Raybould said the team has already curated a directory of around 650 newsletters (including TechCrunch’s own Daily Crunch) and the list continues to grow. Additional features include a “shuffle” option to discover new newsletters, plus the ability to share a newsletter with other Stoop users, or to forward it to your personal address where they can be sent along to whomever you like.

The Stoop app is free, with Raybould hoping to eventually add a premium plan for features like full newsletter archives. He’s also hoping to collaborate with publishers — initially, most publishers will probably treat Stoop readers as just another set of subscribers, but Raybould said they could get access to additional analytics and also make subscriptions easier by integrating with the app’s instant subscribe option.

And the company’s ambitions even go beyond newsletters. Raybould said Stoop is the first consumer product from a team with a larger mission to help publishers. They’re also working on OpenBundle, an initiative around bundled news subscriptions with a planned launch in 2019 or 2020.

“The overarching thing that is the same is the OpenBundle thesis and the Stoop thesis,” he said. “Getting publishers back in the role of delivering content directly to the audience is the antidote to the newsfeed.”

News Source = techcrunch.com

CodeStream lets you collaborate and talk directly in VS Code

in CodeStream/Delhi/Developer/Fundings & Exits/India/Politics/Startups by

Adding comments to your code is nothing new. But what if you could @-mention your coworkers and start a thread about a specific part of your code? Meet CodeStream, a Y Combinator-backed startup that wants to do just that.

The best way to discuss some content is right next to the content itself. That’s why Google Docs annotations, PowerPoint comments and Word revisions are so useful. Slack shouldn’t be the home to all discussions.

And yet, collaboration between two developers too often start with a private conversation on Slack. CodeStream doesn’t want to replace git commits or native comments in your code. But it adds a useful conversation layer on top of your code.

If you want to involve someone else, you first select a text and start a discussion. It creates a thread with your coding block as the original post. If you link CodeStream with your Slack instance, it starts a thread in the right Slack channel. You can @-mention someone, copy and paste a few lines of code and more.

If a developer gets mentioned, they can click on the thread and CodeStream opens up the right file at the right line. Even if two developers aren’t on the same branch, they’ll both be looking at the same line of code — even if there’s some new code in one of the branch.

Months later, if your code base evolved, your conversation threads will still be there. At any time, you can look at past conversations and understand why something has been done this way.

Right now, CodeStream supports VS Code. After installing CodeStream, you can split up your IDE in two columns with your main coding window on the left and CodeStream threads on the right.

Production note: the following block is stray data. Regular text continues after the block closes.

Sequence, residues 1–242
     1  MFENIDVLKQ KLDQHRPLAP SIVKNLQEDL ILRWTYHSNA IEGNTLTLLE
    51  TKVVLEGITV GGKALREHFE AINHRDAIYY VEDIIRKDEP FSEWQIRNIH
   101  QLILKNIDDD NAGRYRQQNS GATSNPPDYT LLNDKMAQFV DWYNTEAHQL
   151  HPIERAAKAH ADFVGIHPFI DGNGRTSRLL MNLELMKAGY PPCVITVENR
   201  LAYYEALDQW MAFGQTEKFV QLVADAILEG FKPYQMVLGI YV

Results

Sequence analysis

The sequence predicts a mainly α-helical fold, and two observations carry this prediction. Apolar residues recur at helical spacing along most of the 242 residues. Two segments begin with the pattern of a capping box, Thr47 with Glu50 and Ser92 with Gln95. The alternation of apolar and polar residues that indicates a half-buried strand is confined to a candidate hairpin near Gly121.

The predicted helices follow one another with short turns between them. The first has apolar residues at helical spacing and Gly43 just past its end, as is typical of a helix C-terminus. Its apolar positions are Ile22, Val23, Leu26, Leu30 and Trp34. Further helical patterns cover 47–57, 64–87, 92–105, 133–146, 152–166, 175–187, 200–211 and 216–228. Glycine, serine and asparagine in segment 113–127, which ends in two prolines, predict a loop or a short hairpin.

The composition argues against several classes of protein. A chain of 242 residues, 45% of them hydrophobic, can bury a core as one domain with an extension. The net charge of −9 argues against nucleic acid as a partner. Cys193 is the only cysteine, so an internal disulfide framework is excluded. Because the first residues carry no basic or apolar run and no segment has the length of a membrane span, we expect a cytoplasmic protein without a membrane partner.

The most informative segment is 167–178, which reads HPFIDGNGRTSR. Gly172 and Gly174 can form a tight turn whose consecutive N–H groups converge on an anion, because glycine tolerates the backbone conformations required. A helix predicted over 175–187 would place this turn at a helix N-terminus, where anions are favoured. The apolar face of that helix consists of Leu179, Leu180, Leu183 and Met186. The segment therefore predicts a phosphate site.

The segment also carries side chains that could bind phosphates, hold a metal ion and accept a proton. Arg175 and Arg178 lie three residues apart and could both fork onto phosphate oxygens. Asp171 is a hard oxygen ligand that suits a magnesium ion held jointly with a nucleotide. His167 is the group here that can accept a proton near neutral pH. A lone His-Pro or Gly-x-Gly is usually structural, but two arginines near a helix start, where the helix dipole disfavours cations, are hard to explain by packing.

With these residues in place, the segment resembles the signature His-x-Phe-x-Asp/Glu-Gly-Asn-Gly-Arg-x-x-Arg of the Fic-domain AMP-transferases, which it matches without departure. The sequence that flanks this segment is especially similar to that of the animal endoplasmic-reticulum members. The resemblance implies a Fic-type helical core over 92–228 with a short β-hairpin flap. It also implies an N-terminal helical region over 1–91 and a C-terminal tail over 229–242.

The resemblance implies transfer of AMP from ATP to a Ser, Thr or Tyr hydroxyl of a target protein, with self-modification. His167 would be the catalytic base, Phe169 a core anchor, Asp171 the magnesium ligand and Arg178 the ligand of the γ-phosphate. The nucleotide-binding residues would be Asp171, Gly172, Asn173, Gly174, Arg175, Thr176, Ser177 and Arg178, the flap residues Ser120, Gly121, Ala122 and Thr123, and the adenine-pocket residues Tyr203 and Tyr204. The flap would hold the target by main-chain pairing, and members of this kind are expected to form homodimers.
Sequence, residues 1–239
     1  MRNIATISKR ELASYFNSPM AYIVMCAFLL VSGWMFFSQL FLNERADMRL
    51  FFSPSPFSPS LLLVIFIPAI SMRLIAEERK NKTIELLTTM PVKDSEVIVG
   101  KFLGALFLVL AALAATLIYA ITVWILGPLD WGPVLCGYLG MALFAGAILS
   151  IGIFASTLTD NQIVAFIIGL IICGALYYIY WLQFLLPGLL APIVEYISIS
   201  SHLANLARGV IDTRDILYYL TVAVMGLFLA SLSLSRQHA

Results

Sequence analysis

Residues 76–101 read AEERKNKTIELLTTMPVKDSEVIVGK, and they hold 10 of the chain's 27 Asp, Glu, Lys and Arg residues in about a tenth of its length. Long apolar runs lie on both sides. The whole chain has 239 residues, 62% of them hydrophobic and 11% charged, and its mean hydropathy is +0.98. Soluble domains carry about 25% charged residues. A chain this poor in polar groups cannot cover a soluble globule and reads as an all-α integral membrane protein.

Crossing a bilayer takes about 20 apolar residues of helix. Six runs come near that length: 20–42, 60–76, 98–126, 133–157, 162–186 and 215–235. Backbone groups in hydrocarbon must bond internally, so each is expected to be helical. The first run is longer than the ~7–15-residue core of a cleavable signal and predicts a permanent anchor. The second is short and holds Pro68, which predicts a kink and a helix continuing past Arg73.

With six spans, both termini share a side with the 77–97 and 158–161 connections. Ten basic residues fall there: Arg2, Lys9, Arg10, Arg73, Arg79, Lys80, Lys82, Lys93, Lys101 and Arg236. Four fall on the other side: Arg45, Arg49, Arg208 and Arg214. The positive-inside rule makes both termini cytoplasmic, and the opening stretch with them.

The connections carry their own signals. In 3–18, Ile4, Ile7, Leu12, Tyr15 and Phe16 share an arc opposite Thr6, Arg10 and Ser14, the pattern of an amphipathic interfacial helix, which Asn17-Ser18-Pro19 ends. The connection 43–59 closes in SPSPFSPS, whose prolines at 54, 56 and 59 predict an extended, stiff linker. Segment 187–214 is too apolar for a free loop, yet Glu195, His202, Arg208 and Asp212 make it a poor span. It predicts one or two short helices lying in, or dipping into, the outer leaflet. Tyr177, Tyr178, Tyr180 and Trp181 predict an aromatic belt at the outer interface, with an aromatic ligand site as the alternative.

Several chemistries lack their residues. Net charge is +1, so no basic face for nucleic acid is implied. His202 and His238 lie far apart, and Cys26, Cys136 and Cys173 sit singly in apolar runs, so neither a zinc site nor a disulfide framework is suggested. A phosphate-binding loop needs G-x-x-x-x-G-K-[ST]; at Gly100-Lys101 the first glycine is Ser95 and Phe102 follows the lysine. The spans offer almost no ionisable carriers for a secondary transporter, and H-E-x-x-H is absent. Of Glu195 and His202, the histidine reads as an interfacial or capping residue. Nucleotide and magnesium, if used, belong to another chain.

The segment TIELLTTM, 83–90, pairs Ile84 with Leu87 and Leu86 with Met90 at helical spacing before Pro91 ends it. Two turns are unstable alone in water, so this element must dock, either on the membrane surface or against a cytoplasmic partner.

In the future, the company plans to add support for more IDEs, such as Visual Studio, JetBrains editors and Atom. CodeStream is still in beta so it’s free for now.

The company recently raised a $3.2 million funding round from S28 Capital with PJC also participating. Additional investors include Y Combinator, Steve Sordello, Mark Stein and David Carlick.

News Source = techcrunch.com

Meet Uber’s newly promoted Chief Product Officer, Manik Gupta

in Automotive/Collaborative Consumption/Delhi/Google-Maps/India/Logistics/Manik Gupta/Personnel/Politics/Startups/talent/TC/Transportation/Uber by

Manik Gupta got his first taste of solving logistics nightmares when fresh out of college, he was delivering Palm Pilots around Singapore. He’d started a precursor to Groupon called BuyItTogether. “We were a full stack marketplace where we were also delivering the goods. That’s what caused us to not have good profit margins. Actually, zero profit margins” he recalls with a laugh.

His new gig isn’t earning profits either. Uber lost nearly $1 billion last quarter. But the company sees Gupta’s experience with delivery and maps as crucial to building an app that caters to people’s every desire so they never stray and keep earning it money. That’s why today Uber announced that it’s promoted its VP of maps and marketplace Manik Gupta to become its new Chief Product Officer.

“We look at ourself at Uber as the starting point of all your transportation needs” Gupta tells me. “Here’s a company that’s causing this interesting change in user behavior. With my own knowledge and capability, I thought I could help the company get to the next level of understanding the real world, which is very different from digital habits.” His first big projects will be augmenting GPS for more accurate pickups and making Uber’s new rider and driver loyalty program work in every market.